I have been checking out Aquabound paddles. Reviews are great. I have a Day Tripper now and I think it is time for a new one. The Day Tripper is the ONLY paddle I have ever used, I don’t see myself needing a $300 carbon paddle though. Any suggestions for a good comfortable paddle at around $100-$120 (or less).
are good, durable paddles at a reasonable price. I no longer use one as my main euro style blade, but still own three. My latest purchase was an AB Sting Ray to use as a backup and primary for winter paddling (it’s a small shaft that will, hopefully, be more comfortable with winter gloves).
Are you sure it is an Aquabound?
They do have a “tripper”, made in Canada, which retails at about $155 Canadian. Otherwise there is only the Carlisle “day tripper” or the Jackson “day tripper”. If it is the Aquabound, why do you think you need to change paddles? What advantage do you hope to gain? Ordinarily someone might want a lighter paddle, or one that is adjustable (feather and/or length), or that has a bent shaft rather than a straight shaft. But the price range you suggest is actually lower than the cost of an Aquabound “tripper”.
It is a Carlisle…
Sorry. I should have worded that differently. I have the Day Tripper by Carlisle. A $30 paddle. I thought I might be happier with a lighter paddle. Maybe fiberglass blades as opposed to the plastic now. With my budget I will most likely have to stick with an aluminum shaft though.
There's 3 or 4 nice-sounding paddles for sale on the p-net classifieds at the moment. Maybe one is the right length/weight/price for your budget. A light paddle is a real treat. Of course you could always try making a cedar Greenland paddle, costs very little. My light weight carbon paddle is now a backup (or my wife's if she's paddling) now that I have a sweet GP to use. My brain is getting so rewired to the GP that I've considered drilling a hole and de-feathering my carbon paddle - beware the lure of the GP!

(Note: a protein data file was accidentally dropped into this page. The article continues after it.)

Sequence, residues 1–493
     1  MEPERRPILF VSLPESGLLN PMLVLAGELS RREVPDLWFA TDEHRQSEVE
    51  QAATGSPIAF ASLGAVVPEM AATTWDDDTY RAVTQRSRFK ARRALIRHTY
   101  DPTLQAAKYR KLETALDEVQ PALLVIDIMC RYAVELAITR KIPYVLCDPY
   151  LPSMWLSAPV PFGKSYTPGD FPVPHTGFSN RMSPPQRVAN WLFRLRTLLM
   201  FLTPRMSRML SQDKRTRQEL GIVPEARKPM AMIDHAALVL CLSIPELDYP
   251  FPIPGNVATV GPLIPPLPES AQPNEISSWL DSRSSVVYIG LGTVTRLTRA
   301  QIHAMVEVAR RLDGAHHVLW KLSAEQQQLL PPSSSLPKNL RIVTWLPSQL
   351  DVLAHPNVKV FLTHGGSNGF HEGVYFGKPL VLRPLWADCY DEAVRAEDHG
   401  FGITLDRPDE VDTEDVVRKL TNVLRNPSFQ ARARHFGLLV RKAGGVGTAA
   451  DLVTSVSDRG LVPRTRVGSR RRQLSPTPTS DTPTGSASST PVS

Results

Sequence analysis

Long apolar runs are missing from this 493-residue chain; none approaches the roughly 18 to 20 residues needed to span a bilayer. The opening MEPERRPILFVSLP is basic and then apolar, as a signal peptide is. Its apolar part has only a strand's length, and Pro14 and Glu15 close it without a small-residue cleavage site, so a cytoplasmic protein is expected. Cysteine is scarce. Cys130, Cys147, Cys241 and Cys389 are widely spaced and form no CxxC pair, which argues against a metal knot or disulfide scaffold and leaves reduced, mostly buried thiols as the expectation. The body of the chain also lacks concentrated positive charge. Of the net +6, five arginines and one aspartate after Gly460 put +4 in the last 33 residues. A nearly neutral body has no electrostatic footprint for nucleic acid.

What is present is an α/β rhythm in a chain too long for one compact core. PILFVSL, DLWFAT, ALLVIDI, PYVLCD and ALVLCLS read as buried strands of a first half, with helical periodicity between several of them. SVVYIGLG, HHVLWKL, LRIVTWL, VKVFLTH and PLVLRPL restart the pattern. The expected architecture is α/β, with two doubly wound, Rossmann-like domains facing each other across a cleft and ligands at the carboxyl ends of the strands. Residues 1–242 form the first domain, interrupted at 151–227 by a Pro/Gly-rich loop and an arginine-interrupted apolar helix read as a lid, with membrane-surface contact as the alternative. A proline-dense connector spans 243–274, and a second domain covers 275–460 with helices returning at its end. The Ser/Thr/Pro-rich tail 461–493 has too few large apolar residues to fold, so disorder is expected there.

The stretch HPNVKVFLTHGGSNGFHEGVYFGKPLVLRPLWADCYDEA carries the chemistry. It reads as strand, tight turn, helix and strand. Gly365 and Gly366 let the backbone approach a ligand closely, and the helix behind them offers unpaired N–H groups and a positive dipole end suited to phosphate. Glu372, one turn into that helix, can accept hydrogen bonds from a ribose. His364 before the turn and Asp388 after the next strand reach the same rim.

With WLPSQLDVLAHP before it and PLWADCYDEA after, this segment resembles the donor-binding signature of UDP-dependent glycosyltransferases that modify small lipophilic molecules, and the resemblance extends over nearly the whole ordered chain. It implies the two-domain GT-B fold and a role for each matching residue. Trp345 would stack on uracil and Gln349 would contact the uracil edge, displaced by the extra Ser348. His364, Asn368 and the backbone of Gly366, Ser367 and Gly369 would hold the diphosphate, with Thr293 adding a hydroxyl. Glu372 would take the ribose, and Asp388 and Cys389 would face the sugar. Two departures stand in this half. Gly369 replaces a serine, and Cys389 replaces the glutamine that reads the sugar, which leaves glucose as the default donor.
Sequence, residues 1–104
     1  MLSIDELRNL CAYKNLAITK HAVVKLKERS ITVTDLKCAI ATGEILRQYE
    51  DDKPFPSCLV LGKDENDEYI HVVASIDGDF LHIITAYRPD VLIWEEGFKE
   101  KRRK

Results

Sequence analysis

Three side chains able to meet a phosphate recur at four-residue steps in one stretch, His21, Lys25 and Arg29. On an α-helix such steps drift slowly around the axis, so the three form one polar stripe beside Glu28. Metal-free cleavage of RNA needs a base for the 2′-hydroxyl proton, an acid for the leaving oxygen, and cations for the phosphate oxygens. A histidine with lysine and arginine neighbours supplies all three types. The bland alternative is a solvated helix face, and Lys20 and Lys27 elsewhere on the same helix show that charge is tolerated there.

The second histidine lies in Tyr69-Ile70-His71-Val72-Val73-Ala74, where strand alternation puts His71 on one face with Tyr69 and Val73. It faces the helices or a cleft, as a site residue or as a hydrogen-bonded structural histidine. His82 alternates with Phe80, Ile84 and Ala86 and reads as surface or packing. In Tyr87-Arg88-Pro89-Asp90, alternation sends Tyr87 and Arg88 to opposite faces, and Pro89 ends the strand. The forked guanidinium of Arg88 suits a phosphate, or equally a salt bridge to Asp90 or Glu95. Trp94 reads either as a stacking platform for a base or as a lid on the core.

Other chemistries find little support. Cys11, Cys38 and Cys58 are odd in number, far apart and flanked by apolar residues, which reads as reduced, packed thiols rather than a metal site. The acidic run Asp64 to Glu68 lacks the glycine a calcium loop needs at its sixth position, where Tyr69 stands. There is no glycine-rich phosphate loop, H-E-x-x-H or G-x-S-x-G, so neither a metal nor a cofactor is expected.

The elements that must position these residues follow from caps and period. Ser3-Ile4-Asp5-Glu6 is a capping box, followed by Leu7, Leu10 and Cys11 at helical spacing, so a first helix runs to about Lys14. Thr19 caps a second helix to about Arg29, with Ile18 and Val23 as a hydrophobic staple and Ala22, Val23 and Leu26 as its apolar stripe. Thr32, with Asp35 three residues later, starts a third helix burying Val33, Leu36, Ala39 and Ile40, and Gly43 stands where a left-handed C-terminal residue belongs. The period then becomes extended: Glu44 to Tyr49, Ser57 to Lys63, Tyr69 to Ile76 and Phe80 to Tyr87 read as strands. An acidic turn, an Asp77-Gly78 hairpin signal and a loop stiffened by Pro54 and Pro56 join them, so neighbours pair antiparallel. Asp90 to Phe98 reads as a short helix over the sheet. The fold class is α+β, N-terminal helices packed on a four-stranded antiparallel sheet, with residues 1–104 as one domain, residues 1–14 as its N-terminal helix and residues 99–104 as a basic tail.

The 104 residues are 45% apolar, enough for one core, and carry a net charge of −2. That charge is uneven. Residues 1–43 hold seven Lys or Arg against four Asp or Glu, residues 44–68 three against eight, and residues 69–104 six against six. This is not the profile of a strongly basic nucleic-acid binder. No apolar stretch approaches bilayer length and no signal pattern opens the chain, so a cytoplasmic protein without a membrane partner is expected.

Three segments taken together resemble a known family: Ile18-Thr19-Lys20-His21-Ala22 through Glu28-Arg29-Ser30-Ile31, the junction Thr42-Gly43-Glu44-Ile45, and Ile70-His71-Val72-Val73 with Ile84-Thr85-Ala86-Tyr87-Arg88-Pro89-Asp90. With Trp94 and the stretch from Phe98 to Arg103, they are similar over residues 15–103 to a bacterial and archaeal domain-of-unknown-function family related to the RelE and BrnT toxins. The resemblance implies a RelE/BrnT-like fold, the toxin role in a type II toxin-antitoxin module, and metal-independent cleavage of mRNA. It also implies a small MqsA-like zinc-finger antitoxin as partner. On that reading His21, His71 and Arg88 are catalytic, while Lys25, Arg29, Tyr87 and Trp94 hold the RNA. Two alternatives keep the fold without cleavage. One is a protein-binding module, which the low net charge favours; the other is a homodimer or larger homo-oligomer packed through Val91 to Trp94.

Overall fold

PS - one of the used paddles is an Aquabound, but down at the bottom is a Lendal for a little more - I think that's a very sweet stick for a good price.
Pacific Designs under accessories
on pnet offers an interesting design. i used a similar design approach to build a cedar and plywood facsimile that weighs about 28 oz and paddles very sweet(ly)
You will not regret getting an Aquabound Sting Ray. If you are going to paddle regularly, this is about as cheap as you want to go. Another option would be the Werner Skagit, about the same level of paddle, also very good.
Pacific Design Paddles
Does anyone have experence with these paddles? Please let me know. I’m looking to purchase a new spare or maybe a new main paddle.
try a greenland
since using a greenland paddle, i only used the lightweight carbon paddle for fast workouts - the greenland performed better for me in just about any other situation. they are a bit weird at first, but after an hour or two they feel terrific, and you can paddle all day comfortably. i’ve since switched to wing paddles/surfskis, but for sea kayaking, the greenland is tops.
I didn’t like the idea of a tree limb as a paddle at first, but everything I have read on them since this post is positive! I would love to make one but 1) I have never built anything 2) I don’t have a band saw in the garage
What is the best place to buy one. Remember, I live in N Alabama where the kayak shops are limited. What is the price range for an entry level GP?
Don’t need a band saw
You can do it with a jig saw and other hand tools, just need a steady hand. Here’s some nice instructions by Ross Leidy at Blue Heron Kayaks to make a GP, which incorporate the excellent writeup by Chuck Holst. It’s easiest to make the paddle out of a single piece of Western Red Cedar - you don’t have to glue up laminations to make it fancy like many do.
Bill Will Build You a Beautiful One